In fact, behavioral research indicates that these approaches actually cause, reinforce and maintain aggression and violence.[2]

In addition, the risk of preventable adverse events and medical errors are higher immediately following the use of seclusion and restraint. Employing these methods leads to extended stays and increased recidivism/readmission.[3]

Most importantly, these practices have a negative impact on interpersonal relationships, damage the therapeutic alliance, and cause systemic mistrust.[4] Put simply, using these types of procedures often lead to increased violence and volatility for all involved.[5]

All of this begs the question: with so many reasons not to use restraint and seclusion, why do care providers continue to turn to them as a crisis management tool?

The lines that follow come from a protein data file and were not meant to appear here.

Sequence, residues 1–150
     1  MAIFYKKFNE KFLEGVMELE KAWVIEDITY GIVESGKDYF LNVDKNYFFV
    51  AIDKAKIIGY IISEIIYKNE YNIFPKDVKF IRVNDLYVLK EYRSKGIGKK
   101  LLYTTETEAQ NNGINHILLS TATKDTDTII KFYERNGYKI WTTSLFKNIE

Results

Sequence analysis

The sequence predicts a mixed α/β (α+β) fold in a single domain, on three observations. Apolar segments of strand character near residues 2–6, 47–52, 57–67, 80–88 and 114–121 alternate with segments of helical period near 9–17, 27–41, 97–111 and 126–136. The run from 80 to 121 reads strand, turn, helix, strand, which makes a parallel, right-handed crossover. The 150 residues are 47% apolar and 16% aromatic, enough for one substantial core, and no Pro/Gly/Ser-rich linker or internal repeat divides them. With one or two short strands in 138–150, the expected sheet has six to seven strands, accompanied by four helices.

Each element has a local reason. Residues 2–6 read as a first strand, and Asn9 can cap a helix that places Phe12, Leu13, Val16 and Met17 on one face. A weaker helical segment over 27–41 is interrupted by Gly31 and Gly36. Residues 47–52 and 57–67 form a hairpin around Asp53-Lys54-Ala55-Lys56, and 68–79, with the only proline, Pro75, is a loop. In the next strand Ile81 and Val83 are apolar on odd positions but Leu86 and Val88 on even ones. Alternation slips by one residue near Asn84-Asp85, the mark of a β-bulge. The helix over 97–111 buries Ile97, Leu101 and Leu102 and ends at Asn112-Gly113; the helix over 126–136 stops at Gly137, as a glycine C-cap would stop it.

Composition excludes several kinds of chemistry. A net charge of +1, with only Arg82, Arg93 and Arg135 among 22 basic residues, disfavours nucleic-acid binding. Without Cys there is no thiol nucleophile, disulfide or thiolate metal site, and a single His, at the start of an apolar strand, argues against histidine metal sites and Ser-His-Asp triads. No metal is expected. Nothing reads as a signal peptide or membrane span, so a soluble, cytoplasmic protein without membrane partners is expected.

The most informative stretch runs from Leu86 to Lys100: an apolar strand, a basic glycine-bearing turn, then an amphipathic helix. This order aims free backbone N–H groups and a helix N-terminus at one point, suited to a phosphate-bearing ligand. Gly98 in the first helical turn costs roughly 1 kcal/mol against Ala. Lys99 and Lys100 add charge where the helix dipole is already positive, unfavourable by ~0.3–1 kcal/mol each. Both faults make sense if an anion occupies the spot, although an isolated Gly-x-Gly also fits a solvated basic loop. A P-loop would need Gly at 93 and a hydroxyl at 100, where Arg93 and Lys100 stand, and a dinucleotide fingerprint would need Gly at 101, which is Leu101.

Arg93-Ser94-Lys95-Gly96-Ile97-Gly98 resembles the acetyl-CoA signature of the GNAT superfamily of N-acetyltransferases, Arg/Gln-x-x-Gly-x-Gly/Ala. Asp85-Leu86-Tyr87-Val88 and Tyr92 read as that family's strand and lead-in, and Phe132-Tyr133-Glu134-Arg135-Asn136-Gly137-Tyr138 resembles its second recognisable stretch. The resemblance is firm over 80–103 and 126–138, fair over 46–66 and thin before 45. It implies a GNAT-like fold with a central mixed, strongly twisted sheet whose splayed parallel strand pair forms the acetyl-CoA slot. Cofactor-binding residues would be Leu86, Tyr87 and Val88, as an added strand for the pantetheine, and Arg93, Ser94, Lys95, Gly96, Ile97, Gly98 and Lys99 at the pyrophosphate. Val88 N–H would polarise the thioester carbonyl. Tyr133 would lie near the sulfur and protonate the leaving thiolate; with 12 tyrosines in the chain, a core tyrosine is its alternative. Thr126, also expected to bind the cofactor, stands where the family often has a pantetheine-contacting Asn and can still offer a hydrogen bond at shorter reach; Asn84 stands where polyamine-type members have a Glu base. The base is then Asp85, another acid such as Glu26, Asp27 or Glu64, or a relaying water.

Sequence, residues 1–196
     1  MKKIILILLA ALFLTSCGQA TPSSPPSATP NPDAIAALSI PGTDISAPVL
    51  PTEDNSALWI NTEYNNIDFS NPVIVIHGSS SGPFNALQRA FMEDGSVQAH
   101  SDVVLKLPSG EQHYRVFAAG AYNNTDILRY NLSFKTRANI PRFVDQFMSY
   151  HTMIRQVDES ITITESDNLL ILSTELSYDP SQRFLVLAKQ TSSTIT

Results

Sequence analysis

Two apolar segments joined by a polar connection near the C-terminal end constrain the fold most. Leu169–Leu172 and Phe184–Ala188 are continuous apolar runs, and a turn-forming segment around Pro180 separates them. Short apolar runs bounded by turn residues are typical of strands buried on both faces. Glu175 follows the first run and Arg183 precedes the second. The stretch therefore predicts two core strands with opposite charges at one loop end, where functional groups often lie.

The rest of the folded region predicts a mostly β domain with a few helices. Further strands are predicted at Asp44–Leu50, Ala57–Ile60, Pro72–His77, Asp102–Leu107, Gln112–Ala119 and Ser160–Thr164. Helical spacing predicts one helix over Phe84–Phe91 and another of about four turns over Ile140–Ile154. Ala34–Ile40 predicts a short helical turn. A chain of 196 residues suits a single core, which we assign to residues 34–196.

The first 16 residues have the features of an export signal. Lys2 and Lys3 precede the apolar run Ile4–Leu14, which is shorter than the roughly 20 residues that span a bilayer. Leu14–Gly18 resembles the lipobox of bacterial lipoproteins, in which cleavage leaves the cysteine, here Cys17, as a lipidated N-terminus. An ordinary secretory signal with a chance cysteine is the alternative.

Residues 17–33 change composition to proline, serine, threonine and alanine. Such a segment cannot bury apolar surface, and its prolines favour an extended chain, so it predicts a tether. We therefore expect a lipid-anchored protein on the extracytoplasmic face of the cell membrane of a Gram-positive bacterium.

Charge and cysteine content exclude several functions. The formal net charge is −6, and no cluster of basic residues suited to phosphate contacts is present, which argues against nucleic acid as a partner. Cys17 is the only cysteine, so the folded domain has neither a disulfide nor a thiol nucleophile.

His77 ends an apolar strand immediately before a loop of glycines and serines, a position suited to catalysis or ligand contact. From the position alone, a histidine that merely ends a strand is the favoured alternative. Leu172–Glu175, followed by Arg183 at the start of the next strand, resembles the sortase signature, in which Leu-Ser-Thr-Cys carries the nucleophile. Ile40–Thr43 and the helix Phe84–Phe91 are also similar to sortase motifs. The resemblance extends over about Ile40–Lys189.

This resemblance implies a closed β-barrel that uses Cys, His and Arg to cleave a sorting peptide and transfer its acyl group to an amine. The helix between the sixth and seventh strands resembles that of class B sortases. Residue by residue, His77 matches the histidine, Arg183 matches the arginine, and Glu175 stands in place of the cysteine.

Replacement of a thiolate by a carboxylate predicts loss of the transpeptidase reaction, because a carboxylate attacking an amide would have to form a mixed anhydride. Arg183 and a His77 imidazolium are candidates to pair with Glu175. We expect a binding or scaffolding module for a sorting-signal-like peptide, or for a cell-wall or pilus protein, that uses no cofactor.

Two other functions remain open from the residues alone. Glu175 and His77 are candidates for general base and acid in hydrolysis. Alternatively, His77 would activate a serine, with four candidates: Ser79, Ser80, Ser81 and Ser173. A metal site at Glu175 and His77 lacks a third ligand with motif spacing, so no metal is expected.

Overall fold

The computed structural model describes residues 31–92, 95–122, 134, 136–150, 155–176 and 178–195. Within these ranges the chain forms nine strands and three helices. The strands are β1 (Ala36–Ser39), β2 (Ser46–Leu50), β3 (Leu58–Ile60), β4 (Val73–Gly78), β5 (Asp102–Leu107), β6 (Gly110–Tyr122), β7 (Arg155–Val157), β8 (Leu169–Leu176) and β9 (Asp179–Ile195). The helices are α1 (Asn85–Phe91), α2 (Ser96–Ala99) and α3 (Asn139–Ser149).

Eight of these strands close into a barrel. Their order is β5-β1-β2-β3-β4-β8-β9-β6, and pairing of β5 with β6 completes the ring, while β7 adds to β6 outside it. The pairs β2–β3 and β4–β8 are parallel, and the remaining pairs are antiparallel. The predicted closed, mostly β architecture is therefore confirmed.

“With so many reasons not to use restraint and seclusion, why do care providers continue to turn to them as a crisis management tool?”

One reason is fear. When confronted by an aggressive child or adult patient, there is a genuine fear for their safety as well as for one’s own.

Frustration also plays a major part in the equation. Being a mental health nurse is an exhausting and stressful job. As they say, patience is a virtue.

But sometimes you find yourself in a situation where your patience has run thin. This new study also highlights an interesting corollary between the experiences the nurses endured and their approval to use restraint on those in their care.